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Business Studies

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Business Studies

Forecasting models

Forecasting is the procedure of making projections about events that have not taken place. Forecasting involves statistical methods that can be used in other disciplines such as hydrology. In the situation, the best way to assess the price, supply and demand would be through analyzing the incoming palladium orders. One can analyze the weight and style and compare these figures to long-term performance by oil. Palladium has slowly risen as a valuable commodity. As for the price, it should be significantly high and should have the option of a refund. The best model for this forecasting would be the qualitative method, as it will involve talking directly to the actors involved in the price and supply changes.

Pros and cons of outsourcing

Outsourcing refers to the contracting of business processes that were initially done by the organizations’ staff. Some companies outsource if they consider some functions important to the organization. Two companies enter into a contract to exchange payment for the provision of services. The rationale being the outsourcing phenomenon is that companies need to reduce costs and make savings simultaneously. The outcome of outsourcing is that excess labor and facilities can be eliminated from the organization. In some cases, outsourcing involves a transfer of employees to the new outsourcing, business group.

One significant advantage of outsourcing is the saving accrued in cost and efficiency. The large size of any company prevents it from efficiently using any of its resources. Through outsourcing, a company can save on most of the costs that bring losses to the organization. Regulatory, labor and training expenses are all costs that can be avoided by outsourcing labor from other parts of the world where workers have similar skills but have lower salary rates. Their training costs are also significantly lower than those for American workers are. Companies that outsource also enjoy other related advantages.

The result of outsourcing is a drop in labor costs and an increase in profit margins. The company can now afford to offer products and services at lower prices to consumers while still maintaining their own profit margins. In this situation, outsourcing benefits both the customer and the organization. Cheaper prices encourage customers to purchase more goods and services that help to rebuild the economy. However, outsourcing has a major disadvantage in that the manager loses control over part of the organization to another firm. That part of the company may not be driven in the same. Other hidden costs will not be covered in the contract are covered by the mother company.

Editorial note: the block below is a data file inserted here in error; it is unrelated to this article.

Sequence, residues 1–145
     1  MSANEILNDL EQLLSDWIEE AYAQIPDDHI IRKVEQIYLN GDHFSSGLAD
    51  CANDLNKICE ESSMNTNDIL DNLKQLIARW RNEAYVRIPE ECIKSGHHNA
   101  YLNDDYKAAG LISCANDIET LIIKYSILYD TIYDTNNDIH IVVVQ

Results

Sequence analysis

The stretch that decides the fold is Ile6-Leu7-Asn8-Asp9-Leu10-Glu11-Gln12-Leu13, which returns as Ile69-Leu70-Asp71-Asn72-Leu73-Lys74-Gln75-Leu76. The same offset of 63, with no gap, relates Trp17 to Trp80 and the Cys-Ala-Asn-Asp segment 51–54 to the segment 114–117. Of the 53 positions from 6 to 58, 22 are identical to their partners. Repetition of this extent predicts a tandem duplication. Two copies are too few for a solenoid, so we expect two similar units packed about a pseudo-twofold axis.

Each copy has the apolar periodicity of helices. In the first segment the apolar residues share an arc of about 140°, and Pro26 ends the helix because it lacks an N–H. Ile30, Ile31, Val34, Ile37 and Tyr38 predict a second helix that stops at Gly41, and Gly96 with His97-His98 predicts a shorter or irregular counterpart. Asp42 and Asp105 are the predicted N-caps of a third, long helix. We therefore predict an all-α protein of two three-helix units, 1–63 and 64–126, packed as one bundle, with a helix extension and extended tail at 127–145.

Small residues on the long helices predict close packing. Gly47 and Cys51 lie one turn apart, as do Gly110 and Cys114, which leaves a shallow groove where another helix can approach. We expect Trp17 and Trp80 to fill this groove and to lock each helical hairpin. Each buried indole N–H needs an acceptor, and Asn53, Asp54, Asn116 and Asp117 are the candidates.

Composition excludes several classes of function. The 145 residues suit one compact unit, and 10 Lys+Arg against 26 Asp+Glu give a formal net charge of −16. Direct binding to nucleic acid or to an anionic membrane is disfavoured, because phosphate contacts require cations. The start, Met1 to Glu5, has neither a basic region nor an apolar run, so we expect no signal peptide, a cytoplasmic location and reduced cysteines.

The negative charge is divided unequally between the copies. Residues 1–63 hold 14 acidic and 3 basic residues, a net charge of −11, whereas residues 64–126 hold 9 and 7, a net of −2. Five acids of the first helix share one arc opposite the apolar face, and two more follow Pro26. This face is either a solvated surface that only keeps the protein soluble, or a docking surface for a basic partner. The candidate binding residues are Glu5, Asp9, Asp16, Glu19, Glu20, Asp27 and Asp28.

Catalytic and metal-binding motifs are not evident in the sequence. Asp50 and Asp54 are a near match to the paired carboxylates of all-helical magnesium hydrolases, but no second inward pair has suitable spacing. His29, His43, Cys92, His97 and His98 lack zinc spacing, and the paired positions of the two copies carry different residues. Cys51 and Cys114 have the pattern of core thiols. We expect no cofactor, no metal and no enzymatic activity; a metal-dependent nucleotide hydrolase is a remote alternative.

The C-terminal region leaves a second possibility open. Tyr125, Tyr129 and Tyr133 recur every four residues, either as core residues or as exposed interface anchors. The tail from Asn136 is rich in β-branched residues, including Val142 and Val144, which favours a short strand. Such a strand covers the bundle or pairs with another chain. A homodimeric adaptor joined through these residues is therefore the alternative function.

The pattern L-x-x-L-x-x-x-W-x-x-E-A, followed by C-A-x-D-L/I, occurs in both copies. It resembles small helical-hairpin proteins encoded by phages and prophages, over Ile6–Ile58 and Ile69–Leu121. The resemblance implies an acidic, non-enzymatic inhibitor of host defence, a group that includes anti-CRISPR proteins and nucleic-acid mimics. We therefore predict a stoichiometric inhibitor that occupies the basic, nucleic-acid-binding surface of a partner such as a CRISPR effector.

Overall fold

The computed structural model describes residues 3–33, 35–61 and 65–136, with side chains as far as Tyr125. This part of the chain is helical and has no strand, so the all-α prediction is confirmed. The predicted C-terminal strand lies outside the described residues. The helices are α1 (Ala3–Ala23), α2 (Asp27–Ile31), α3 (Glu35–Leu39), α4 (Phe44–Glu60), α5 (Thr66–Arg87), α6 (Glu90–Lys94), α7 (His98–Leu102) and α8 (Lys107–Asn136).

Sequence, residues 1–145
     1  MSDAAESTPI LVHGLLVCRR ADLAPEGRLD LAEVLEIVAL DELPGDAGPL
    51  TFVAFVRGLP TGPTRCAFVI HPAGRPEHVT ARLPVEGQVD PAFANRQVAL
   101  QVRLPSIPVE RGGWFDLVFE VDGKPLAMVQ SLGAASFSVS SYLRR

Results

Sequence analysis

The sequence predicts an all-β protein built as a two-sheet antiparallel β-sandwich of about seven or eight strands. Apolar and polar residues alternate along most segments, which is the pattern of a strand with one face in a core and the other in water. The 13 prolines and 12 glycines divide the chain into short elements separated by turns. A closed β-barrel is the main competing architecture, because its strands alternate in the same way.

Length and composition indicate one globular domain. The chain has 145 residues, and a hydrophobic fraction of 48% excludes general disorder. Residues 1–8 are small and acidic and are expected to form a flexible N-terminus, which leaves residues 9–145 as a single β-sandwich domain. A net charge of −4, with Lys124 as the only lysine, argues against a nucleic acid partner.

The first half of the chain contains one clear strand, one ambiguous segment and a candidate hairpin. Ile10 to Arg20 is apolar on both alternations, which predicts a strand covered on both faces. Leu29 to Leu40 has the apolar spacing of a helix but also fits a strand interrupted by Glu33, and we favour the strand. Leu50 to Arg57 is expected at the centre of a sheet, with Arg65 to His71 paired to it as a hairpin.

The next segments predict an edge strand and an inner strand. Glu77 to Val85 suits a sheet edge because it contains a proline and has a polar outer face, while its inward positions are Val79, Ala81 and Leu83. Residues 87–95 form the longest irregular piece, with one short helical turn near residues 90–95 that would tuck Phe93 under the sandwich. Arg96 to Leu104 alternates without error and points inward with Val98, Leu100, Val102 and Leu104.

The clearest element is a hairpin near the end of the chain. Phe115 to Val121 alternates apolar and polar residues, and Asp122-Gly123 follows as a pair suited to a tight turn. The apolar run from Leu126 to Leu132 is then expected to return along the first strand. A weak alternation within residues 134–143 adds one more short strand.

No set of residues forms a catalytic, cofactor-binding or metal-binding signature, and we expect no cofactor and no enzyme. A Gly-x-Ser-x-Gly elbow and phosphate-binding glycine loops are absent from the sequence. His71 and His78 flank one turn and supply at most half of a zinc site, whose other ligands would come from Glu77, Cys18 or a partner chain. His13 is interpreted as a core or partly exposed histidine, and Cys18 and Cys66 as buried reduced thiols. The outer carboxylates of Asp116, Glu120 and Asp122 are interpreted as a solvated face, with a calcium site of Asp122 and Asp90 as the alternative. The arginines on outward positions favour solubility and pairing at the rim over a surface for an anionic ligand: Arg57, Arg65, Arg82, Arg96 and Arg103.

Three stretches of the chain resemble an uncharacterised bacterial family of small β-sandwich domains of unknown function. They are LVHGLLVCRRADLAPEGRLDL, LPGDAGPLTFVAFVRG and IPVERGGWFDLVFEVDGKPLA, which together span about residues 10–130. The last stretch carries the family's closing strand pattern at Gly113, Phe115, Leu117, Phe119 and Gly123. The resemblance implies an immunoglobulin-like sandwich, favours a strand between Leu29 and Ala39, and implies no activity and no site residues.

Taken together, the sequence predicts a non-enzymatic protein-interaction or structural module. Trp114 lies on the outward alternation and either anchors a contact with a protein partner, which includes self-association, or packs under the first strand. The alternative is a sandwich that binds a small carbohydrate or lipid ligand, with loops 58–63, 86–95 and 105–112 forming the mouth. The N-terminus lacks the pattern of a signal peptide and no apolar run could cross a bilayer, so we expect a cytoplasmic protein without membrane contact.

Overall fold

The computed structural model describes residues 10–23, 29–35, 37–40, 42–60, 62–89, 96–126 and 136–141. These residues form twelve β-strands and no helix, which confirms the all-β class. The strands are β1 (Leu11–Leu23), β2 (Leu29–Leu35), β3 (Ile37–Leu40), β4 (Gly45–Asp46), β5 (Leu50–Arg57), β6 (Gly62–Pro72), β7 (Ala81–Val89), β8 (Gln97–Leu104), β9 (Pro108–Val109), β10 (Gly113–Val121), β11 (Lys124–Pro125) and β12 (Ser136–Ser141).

Level vs. Chase Production Plan

Level production plans refer to plans that vary the amount of inventory to achieve an even production standard over a given time. Restrains on the facilities and attempts to accommodate the seasonal demand can be responsible for level production plans. Conversely, the chase production plan varies according to the time intervals of the plan in a way that matches the sales forecast in that interval. In this production, the production always pursues the demand hence the name “chase production”. Level production plans are suitable for companies that produce goods at a constant rate that also equals the demand for the goods. The organizing qualities in level production strategies are important in making schedules that will organize the same amount of goods based on the demand for the same goods. An example is planning to produce 10,000 units by spreading the production over 10 days and working 1,000 units per day.

The chase strategy is more suitable for small and new businesses in unpredictable sectors. This strategy produces enough goods to satisfy the demand at that period. This method minimizes hidden costs that may occur in the level production strategy that is also more capital intensive. Small organizations such as restaurants may find this strategy more fitting as their customer volumes fluctuate according to seasons and economic condition.

JIT/ EOQ /ROP Interrelationships

The Just in Time (JIT) production method refers to a combination of strategies that are intended to impact on the profit through reducing the inventory processes. Some of the principles of JIT include producing the needed quantity of units without surplus or deficit, production that is accurate to the time when it is required and that suppliers deliver the exact quantity demanded at the agreed time and place. Economic order quantity refers to the order size that give the maximum economy in obtaining raw materials and which contribute toward optimum profits and minimal costs (Bozarth, 2008).

The formula for economic order quantity and the reorder point are as follows

From the formula, we can deduce that the lower the economic order quantity, the higher the rate of return on investment. This is because low economic order quantities signify that the company is operating at optimum performance using the available materials. It also shows that the suppliers deliver the goods on time to enable other parts of the company to produce efficiently.

The reorder point refers to the status of inventory that signifies a need to place orders to suppliers that will improve or maintain the economic order quantity. The reorder point means that the inventory has reached a state where it needs to be replenished. The correlation between ROP and EOQ is that ROP determines the level of EOQ and consequently, EOQ determines the volume of business profit that a company can realize.

References

Bozarth, C. C., & Handfield, R. B. (2008). Introduction to operations and supply chain management. Upper Saddle River, N.J: Pearson Prentice Hall.